Laura Bush: "I don't think that Roe v. Wade should be overturned."
First Lady in Waiting Laura Bush said on NBC's Today show this morning that she believes the 1973 Supreme Court decision allowing abortion should stand. Are her views along the lines of Bill Clinton's statements that abortion should be "safe, legal, and rare"? Perhaps. She went on to say, "I think that we should do what we can to limit the number of abortions, to try to reduce the number of abortions in a lot of ways, and, that is, by talking about responsibility with girls and boys, by teaching abstinence, having abstinence classes everywhere in schools and in churches and in Sunday school." Or perhaps her views are more similar to those of John Ashcroft, who said at his confirmation hearings, "I believe Roe v. Wade, as an original matter, was wrongly decided. I am personally opposed to abortion. But … I accept Roe and Casey as the settled law of the land." Likewise, George Bush has said that he won't try to overturn Roe unless there's a major change in public opinion. "I think most of us accept that position," agrees Jay Sekulow of the American Center for Law and Justice. (See more on Laura Bush's comments from the Associated Press; Yahoo's full coverage area on abortion is likely to link to some follow-up stories as soon as they're written.)

Mark Noll responds to Alan Wolfe
In the January issue of First Things, historian Mark Noll responds to Alan Wolfe's October 2000 Atlantic Monthly cover story, "The Opening of the Evangelical Mind." Perhaps no one is better qualified to respond than Noll, who featured prominently in Wolfe's essay and wrote the similarly titled Scandal of the Evangelical Mind back in 1994. (But that's not to say he's the only qualified person to respond. See, for example, John Wilson's comments on our site.) After "bask[ing] for a moment in Wolfe's positive observations," Noll turns to Wolfe's criticisms. While finding the criticism of evangelical schools' statements of faith for the most part "not compelling," he does join Wolfe in worry over "the populism that pervades evangelicalism." Finally, he gives his own point of view on the opening of the evangelical mind. "I view signs of intellectual life among evangelical Protestants as the product of both energy and insight," Noll writes. "The energy continues to come from traditional evangelical sources—urgency about the gospel, dedication to the Scriptures, and seriousness about God's law, but also status anxiety about a fundamentalist past. The insight comes from new and serious appropriation of classical Christian traditions. … Evangelical intellectual life could not exist without both a distinctly evangelical religious energy and a broadly ecumenical appropriation of classical Christian resources from many traditions forgotten or suspected by modern evangelicalism."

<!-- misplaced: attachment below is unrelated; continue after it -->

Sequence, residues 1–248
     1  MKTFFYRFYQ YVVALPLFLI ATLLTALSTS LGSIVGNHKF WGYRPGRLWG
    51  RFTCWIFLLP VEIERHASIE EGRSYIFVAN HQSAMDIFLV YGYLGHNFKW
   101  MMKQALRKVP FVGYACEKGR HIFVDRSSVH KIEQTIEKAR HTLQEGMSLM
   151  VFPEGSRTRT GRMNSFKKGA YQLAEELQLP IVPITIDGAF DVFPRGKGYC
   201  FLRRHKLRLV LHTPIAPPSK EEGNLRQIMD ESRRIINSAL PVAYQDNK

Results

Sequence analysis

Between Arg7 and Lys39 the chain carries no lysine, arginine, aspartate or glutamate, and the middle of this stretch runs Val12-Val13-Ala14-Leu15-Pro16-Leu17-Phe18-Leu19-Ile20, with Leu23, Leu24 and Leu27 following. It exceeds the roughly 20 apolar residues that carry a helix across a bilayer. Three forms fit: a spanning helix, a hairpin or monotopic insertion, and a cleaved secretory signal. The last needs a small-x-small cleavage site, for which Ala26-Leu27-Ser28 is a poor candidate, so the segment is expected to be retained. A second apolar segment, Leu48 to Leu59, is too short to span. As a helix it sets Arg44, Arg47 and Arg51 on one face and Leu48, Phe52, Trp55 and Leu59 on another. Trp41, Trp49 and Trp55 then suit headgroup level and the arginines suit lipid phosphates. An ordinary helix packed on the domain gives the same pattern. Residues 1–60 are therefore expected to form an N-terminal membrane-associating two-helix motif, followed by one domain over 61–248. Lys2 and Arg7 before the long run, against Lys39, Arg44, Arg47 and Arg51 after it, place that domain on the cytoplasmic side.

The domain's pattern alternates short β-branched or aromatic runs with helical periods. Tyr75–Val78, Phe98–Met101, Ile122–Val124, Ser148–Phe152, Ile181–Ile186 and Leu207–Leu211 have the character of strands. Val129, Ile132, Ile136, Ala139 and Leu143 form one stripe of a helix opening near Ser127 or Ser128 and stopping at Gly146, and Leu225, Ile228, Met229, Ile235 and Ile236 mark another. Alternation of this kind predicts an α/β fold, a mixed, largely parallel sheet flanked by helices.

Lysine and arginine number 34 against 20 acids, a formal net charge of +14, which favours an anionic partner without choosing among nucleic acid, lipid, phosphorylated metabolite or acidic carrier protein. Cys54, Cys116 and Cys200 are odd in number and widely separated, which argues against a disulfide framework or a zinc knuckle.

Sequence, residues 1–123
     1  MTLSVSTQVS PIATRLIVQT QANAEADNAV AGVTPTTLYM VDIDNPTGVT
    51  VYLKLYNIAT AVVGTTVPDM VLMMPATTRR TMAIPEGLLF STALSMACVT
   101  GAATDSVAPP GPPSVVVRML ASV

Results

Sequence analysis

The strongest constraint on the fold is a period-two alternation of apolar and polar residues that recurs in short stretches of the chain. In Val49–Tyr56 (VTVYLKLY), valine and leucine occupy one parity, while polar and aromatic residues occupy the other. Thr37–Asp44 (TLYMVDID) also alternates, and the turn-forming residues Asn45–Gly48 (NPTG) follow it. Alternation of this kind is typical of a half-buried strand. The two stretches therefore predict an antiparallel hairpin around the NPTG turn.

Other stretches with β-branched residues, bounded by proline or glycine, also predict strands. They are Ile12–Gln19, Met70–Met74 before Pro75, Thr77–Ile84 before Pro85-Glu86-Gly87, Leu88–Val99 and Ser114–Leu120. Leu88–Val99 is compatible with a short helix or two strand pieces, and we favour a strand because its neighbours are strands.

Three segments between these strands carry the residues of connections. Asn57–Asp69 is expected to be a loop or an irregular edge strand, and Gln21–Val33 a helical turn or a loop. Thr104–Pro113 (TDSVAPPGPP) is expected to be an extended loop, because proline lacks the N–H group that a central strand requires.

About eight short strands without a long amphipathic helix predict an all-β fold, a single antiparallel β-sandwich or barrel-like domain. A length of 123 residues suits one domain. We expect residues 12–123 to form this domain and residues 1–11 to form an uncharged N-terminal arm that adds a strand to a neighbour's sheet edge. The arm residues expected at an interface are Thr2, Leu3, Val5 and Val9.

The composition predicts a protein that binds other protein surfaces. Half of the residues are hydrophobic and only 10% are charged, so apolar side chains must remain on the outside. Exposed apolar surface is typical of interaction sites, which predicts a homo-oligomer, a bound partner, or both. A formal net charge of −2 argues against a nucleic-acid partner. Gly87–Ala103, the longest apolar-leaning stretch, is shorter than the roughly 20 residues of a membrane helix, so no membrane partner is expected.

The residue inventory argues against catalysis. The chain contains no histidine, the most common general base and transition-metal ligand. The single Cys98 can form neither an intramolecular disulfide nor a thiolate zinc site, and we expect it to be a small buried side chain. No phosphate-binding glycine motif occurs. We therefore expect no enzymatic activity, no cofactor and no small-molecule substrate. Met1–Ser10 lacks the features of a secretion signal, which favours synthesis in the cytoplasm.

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The sad story of Anna Climbie
The U.K. media have been obsessed lately with the horrible story of Anna Climbie, an 8-year-old girl sent from the Ivory Coast in search of a better life and who died of hypothermia in February 2000 with 128 scars on her body. Her great-aunt and great-aunt's boyfriend were found guilty of her murder last week and given life sentences. But in the midst of the court testimony, religious aspects of the abuse came out as well. The great-aunt tried to blame the child's injuries on demons, and had taken her to three London-area churches for exorcism: Joy Baptist Church in Harlesden, Mission of Christ Church, and a congregation of the Universal Church of the Kingdom of God. The last of these exorcisms took place two days before Anna's death. The London papers have since been eager to look into these churches, especially the Brazilian Universal Church of the Kingdom of God. "The Christian fundamentalist church which offered to exorcise Anna Climbie days before she died has made tens of millions of pounds by offering to rid devotees of demons across the world," began a report in The Daily Telegraph. The Evangelical Alliance has also commented on the case. "The Evangelical Alliance acknowledges the validity of biblically-based 'deliverance ministry', sometimes popularly known as exorcism," the organization said in a statement. "However, the Alliance also believes that great care must be taken by churches in exercising such ministries, as the afflicted person may be suffering physical or psychiatric problems rather than demon or spirit-oppression. The Alliance therefore strongly recommends that churches only initiate deliverance activities after the individual has been fully examined by a doctor. In the case of a child that examination should be carried out by a qualified pediatrician."

More stories of interest:

Religion and politics:

  • Unnatural allies | While liberals fight the Ashcroft nomination, tech leaders join the religious right to back Bush's choice for attorney general. (The Standard)
  • Disqualified by his religion? | Comparing reactions to Lieberman and Aschcroft (Charles Krauthammer, The Washington Post)
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